Warp, Weft, and Way

A Group Blog of Chinese and Comparative Philosophy

Understanding Hong Kong’s Umbrella Revolution

Like many of you, I’ve also been trying to understand Hong Kong’s Umbrella Revolution by putting it in the larger context of Chinese history (from Confucius to 1989 and to the present).

I could not help but compare it with 1989. I hope this is understandable; this year is its 25th anniversary. It seems that when one tries to understand the motivations of the students and intellectuals in 1989, one has to take into account their concern for the common good, their strong elitist sense of their responsibility for the fate of the nation. And even those who identified themselves as liberal anti-traditionalists in 1989 could still be said to have been influenced by a long Confucian tradition of what it means to be a literati (shi). I have given a label to this tradition; I call it the “Athenian sub-tradition of Chinese republicanism,” in which the ideal of the common good is a central concept. This seems to be what Yu Yingshi was talking about in his recent address, which Kai Marchal mentioned in his post “Where are all the Confucians in Hong Kong tonight” a few days ago. Obviously I cannot do justice to such a complicated story here. For example, the 1989 generation very likely might have learned about this Athenian sub-tradition partly through the government’s patriotic education program.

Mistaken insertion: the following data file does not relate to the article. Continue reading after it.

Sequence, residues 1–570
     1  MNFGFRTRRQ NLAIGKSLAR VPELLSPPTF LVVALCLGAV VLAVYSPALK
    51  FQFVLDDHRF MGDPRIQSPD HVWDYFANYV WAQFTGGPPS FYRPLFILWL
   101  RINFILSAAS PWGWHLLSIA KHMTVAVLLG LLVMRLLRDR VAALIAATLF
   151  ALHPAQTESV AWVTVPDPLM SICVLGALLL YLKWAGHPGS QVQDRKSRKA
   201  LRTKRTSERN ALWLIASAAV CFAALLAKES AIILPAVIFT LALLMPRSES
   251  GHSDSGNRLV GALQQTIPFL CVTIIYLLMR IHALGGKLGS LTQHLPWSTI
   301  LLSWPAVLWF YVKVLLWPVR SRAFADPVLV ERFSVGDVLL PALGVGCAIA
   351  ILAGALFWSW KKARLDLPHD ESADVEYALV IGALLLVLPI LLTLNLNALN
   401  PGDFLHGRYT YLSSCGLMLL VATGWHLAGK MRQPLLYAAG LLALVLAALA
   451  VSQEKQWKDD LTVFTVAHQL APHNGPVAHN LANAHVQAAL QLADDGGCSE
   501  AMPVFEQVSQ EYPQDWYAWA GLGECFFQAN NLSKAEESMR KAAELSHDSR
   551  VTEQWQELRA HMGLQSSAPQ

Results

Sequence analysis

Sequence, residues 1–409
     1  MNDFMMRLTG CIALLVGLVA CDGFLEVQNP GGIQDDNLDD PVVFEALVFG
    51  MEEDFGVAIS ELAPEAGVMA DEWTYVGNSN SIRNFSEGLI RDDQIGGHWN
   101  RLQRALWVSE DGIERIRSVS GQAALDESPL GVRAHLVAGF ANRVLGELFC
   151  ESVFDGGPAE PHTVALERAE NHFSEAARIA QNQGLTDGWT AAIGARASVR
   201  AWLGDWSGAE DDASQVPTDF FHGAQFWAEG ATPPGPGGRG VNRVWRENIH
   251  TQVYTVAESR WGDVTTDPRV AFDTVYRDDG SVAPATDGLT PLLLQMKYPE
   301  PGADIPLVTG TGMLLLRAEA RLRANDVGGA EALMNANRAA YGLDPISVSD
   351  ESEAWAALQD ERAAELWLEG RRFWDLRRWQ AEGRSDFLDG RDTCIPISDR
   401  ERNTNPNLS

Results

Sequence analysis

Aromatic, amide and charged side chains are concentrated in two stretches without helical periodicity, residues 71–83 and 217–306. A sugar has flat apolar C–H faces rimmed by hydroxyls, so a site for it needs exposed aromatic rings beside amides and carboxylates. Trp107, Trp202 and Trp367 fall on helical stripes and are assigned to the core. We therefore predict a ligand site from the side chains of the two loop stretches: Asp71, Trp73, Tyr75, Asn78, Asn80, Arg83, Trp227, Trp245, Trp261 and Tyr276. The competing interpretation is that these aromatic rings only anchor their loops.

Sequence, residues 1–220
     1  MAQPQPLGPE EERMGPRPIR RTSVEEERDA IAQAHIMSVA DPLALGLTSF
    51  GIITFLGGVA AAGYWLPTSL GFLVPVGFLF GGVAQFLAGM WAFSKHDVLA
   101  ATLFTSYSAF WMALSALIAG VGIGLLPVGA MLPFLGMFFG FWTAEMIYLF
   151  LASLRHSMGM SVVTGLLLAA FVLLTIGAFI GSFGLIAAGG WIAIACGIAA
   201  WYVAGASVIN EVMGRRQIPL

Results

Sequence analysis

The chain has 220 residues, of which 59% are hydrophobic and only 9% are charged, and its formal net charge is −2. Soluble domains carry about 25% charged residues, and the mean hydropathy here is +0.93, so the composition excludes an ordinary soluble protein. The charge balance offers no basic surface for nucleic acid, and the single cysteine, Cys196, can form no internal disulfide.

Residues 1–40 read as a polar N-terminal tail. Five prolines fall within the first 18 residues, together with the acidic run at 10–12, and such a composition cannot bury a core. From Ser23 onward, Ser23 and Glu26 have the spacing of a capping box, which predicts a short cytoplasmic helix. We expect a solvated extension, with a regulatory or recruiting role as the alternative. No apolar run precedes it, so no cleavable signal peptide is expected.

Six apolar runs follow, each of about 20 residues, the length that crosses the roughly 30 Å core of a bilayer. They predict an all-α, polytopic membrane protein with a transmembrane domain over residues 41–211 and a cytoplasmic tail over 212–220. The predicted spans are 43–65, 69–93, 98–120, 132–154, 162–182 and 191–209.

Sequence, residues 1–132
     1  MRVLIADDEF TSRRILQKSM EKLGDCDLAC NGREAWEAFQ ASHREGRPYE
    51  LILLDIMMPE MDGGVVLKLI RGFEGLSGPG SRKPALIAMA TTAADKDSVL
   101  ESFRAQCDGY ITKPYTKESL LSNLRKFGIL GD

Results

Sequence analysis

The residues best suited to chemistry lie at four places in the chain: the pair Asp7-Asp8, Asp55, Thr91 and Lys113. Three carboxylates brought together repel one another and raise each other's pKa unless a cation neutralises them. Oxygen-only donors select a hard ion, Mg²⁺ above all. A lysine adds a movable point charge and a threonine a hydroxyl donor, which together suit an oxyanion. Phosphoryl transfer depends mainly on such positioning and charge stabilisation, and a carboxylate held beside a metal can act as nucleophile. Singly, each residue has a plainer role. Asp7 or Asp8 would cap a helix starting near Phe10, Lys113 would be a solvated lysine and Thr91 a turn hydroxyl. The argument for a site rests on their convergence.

Some of my friends have claimed that the same cannot be said about the motivations of Hong Kong students. I do not have a view on this for a variety of reasons (e.g., I was there in Beijing in 1989, and I am not in Hong Kong now; I know the generation of 1989 because I was one of them, and I confess that I do not know any Hong Kong high school students or college students). My guess is that perhaps the difference is just a matter of degree.

Nevertheless, it seems to me that the two movements share one thing in common: they both firmly belong to another sub-tradition of Chinese republicanism, the “Roman sub-tradition,” in which the central concept is that being free means to be a citizen in a republic as opposed to being dominated in a non-republic, whose paradigm is a slave. Here I’ll just give two pieces of anecdotal evidence. The first is a line from a poem posted in Beijing University in 1989:

“A slave with a full belly is still a slave.”

The second is a quote from Joshua Wong, the 17-year old high school student, a leader of Hong Kong Umbrella Revolution, in the New York Times article about him: